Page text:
Given narcissists' image of strength, ability, and self-confidence, the reported rate of anxiety disorders among narcissists is probably lower than that of other personalities. Nevertheless, narcissists do experience anxiety disorders related to underlying feelings of inferiority or shame, but they are unlikely to seek help in resolving these symptoms. As with the compulsive personality, a major pathway to an obsessive-compulsive disorder is exaggerated concerns with perfection. However, narcissists become obsessed out of fear that the perfection of the self has been tainted. The obsessions of compulsives, in contrast, are often related to fear of condemnation or a fear that they may transgress self-imposed restrictions, whereas narcissists are not inclined to restrict themselves at all. Obsessions may also reflect a need to be all-knowing and allcontrolling (Glickhauf-Hughes & Wells, 1995). Social phobia may result from experiences of shame, in which the impotence or shortcomings of the narcissist somehow become available for public consumption.

Mood Disorders

Overall, the defensive self-inflation of the narcissistic personality pattern offers surprising resilience against depressive disorders. After all, narcissists excel at minimizing

Focus on Pathology

Narcissism and Posttraumatic Stress Feelings of Superiority and Vulnerability

Imagine that you and your family lived in a small village downriver from a large dam. Now imagine that the dam broke; half the village survived and the others drowned or were crushed by the debris of collapsing structures. Imagine that you watched your mother swept away by the current.

If you survived, you would have experienced a traumatic event far outside the range of normal human experience. Memories of lost loved ones would intrude into your daily thoughts, turn your dreams into nightmares, and set your heart racing. You would reex-perience the event again and again and be helpless to stop it. Veterans of war, victims of rape, and even individuals who observe someone else suffer serious threat of physical harm are often diagnosed with posttraumatic stress disorder (PTSD). Nevertheless, of those who experience the same traumatic event, only some develop PTSD. Whatever the event, clinicians now know that its effects must be interpreted within the context of the total personality.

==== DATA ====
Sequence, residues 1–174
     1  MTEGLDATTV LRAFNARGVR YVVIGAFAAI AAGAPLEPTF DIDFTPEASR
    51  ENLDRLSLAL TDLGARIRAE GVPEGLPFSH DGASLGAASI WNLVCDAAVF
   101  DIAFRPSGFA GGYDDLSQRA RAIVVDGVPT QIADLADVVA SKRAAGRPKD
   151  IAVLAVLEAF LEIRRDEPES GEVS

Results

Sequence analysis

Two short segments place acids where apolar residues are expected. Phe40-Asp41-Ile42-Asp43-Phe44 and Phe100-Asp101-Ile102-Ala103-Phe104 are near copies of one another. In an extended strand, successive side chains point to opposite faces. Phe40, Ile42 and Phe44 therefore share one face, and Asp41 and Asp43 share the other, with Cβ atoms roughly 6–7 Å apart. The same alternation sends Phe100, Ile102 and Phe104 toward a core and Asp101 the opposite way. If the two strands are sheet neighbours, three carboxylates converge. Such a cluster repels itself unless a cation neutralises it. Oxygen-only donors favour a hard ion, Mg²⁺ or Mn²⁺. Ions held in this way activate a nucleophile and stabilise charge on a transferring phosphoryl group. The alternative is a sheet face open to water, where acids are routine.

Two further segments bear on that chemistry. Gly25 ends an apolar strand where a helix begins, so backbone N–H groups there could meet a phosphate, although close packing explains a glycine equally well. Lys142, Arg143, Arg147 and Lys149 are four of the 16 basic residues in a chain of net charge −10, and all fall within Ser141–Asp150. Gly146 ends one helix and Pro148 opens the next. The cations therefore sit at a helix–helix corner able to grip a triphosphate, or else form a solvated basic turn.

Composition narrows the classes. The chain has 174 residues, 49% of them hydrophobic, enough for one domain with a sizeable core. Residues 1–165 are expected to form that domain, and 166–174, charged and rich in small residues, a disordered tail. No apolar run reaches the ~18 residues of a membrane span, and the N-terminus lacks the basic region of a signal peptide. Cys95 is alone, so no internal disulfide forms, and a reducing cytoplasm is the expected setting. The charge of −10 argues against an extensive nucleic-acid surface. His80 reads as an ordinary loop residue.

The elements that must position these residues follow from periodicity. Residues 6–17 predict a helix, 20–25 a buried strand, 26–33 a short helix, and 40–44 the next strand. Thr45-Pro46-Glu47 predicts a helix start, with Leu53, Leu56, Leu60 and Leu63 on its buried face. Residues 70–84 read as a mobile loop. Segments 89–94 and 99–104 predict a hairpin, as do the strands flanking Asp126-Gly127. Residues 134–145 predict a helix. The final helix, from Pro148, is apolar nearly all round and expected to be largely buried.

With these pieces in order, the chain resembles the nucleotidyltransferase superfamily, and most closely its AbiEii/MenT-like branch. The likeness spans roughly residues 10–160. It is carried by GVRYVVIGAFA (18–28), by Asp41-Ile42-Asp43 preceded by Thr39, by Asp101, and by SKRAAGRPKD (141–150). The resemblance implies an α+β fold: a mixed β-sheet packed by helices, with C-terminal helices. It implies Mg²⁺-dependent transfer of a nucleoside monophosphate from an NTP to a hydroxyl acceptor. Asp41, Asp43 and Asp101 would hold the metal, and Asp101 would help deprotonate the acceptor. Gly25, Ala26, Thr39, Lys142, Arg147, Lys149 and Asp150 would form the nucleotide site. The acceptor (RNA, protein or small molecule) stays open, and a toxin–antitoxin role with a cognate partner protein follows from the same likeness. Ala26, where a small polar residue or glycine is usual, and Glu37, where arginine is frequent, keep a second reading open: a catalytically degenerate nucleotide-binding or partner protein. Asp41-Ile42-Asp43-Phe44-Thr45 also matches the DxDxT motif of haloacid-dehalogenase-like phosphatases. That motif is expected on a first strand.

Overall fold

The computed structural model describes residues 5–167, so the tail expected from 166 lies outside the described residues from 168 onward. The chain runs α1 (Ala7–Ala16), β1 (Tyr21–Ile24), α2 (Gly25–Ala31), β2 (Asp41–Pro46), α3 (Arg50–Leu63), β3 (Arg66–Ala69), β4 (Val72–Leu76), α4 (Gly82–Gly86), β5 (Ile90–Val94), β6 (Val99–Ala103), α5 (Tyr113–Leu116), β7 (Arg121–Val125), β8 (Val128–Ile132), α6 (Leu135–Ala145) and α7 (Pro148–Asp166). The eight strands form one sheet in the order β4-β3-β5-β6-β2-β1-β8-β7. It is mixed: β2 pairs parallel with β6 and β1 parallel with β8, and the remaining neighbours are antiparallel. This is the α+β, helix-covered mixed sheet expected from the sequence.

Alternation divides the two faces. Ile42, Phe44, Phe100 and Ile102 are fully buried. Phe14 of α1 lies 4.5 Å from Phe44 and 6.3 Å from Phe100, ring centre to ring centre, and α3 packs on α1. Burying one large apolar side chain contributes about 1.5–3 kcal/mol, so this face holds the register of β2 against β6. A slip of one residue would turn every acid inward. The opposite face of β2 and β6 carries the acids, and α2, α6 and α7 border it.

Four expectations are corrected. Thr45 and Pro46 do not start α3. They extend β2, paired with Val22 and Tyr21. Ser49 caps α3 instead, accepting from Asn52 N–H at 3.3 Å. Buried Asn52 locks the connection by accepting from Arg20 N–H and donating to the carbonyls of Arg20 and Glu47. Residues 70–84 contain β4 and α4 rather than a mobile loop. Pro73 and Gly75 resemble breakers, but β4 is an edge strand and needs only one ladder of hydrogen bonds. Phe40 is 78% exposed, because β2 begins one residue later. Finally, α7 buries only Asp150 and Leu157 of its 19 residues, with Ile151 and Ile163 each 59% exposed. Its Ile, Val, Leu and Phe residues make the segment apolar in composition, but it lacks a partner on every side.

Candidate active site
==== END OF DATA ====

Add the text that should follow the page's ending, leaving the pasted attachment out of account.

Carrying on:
Among the characteristics that increase vulnerability to PTSD is a narcissistic style (B. Johnson, 1995). But why would narcissists be vulnerable? Recall that narcissists use grandiosity and omnipotence as a defense against a fragile self-concept, an empty sense of self-worth. Moreover, their superiority makes them believe that they could not possibly suffer the bad luck of others or be caught up with inferiors in some swirl of uncontrollable events.

Traumatic events shatter these assumptions. Among outpatient veterans who develop PTSD, for example, narcissistic traits are some of the most common (Crosby & Hall, 1992). Far from being invulnerable and immortal, the individual is instead just like everybody else, a speck in a vast cosmos, with random potential for disaster and death. No one is excepted, solid proof that narcissists are not the special persons they believed themselves to be. Among military veterans, Karen (1994) suggests that those with PTSD have fallen far short of the warrior ideal they sought to become. Because narcissists are notorious for idealizing themselves as unusually bright, successful, and admired, we might suppose that traumatic events generally puncture the bubble of these narcissistic fantasies. The individual is brought down to earth in a way that is particularly crushing given the needs of this personality. The persistent question many victims ask, "Why me?" can precipitate feelings of anger and rage in those with a narcissistic style, who feel entitled to better treatment from the universe.

shortcomings and exaggerating real achievements. Given their skill at manipulating those who cater to their needs, narcissists must have multiple layers of defenses broken down before feeling helpless or hopeless. It may not be surprising that low-grade depressive symptoms are probably more common than major depressive episodes.